What Is Socialism, Really?

Mar 02, 09 What Is Socialism, Really?
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Americans have knee-jerk reactions to buzzwords that they do not fully comprehend.  Definitional or contextual ignorance of words and concepts can lead to stultifying exchanges that leave all parties exhausted and frustrated.

In an desperate effort to remain relevant, those on the political right have resurrected the twin boogeymen Communism and Socialism.  The notion that the United States is headed towards communism is so absurd that only the most fervent Kool-Aid drinkers believe that this is a real possibility.

However, socialism, in its fuzzier Western European incarnations, provides vague examples of what America could look like.  Thus, “Canadian-style” health-care and the Western European welfare state are used to frighten an inner-directed electorate too often unconcerned with nuance.

In a socialist economy, the government owns the means of production.  Unfortunately, socialism is such an amorphous term, people can only agree on that most basic definition.  There are many schools of thought under the general umbrella of socialism.

However, when right-wing rabble-rousers raise the specter of “European socialism” and the menace it poses to the United States, generally they are speaking about mixed economies.  A mixed economy is exactly that, an economy where there is mixture of private and government ownership.  Sound familiar?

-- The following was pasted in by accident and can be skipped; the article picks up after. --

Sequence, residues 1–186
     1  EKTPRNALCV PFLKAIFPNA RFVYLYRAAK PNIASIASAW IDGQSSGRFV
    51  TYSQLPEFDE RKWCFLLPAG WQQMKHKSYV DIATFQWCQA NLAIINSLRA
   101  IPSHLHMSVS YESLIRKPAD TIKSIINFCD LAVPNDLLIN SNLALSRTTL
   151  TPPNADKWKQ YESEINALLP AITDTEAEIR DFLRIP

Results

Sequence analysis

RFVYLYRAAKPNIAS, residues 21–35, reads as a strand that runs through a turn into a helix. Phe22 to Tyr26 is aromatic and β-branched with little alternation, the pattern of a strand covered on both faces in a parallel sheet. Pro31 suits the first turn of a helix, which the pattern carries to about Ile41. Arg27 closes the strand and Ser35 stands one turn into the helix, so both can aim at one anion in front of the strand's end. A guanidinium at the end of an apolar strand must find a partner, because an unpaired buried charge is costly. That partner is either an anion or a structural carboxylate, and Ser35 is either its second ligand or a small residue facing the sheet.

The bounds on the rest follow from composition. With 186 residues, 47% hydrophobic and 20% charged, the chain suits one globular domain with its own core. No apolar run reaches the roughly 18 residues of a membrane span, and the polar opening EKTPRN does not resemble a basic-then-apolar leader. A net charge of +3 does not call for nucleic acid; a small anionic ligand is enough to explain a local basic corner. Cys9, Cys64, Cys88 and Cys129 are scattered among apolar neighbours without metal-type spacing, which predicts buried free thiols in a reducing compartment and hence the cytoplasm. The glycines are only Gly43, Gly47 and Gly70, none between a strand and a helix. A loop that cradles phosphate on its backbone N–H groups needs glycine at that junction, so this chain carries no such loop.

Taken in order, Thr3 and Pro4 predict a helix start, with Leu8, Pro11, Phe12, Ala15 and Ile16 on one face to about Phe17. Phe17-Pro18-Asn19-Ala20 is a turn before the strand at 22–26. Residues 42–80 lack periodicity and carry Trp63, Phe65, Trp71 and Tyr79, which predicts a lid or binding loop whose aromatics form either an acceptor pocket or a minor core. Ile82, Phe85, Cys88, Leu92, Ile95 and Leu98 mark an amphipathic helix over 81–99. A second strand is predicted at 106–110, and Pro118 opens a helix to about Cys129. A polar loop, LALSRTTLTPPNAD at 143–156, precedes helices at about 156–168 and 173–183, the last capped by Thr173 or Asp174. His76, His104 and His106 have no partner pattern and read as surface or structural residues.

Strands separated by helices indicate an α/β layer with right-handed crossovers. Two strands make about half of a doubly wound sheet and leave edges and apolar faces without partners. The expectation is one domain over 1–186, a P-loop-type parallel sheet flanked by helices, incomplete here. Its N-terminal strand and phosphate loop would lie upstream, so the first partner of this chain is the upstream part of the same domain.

The Federal Reserve, USDA, FCC, and the EPA are regulatory agencies.  They regulate everything from monetary and banking policy to environmental policy.  AIG, Bank of America, American Express, and General Motors are just a few privately held companies that have received government bailout money.  Arguably, if the federal government had not intervened in the economy it would have already collapsed.

No one can seriously argue that government over-regulation contributed to this economic collapse.  Therefore, we are in a correction that resulted from thirty years of nearly unfettered capitalism.

The individuals leveling this ridiculous socialist charge against Mr. Obama understand this.  When it comes to the common defense, farm subsidies, and bank and Wall Street bailouts, no one was calling Mr. Bush a socialist.

No, when these disingenuous individuals level the charge of “socialist” in an accusing way, what they are really railing against is the meager social safety net that America has in place for those at the margins of our society.

Socialist aspects of our economy are so ingrained into our collective psyche that we no longer consider the socialist underpinnings of these programs.  Social Security, unemployment insurance, Medicare and Medicaid, and the public school system are a few government sponsored programs designed to direct goods and services to various segments of society.

Despite what Mr. Obama chooses to call it, we are well on our way to nationalizing large swaths of the banking system.  Are people genuinely scared of socialism?  Is it something more insidious?  Or do people really subscribe to Horatio Alger notions of bottom up social mobility?  Regardless of the reasons or disconnect, one thing is certain: We’re all socialists now…

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1 Comment

  1. I actually copy your article and that i sent it to my buddy because it is rather pertinent to her and i consider your article as one of my preferred among my lists.

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